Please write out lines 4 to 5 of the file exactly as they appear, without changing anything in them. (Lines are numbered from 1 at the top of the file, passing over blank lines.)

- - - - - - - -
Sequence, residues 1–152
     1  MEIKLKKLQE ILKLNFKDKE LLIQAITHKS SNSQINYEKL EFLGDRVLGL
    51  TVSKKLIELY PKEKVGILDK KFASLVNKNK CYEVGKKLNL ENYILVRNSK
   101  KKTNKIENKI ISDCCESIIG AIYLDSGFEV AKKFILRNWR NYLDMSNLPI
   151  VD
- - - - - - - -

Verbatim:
   101  KKTNKIENKI ISDCCESIIG AIYLDSGFEV AKKFILRNWR NYLDMSNLPI
   151  VD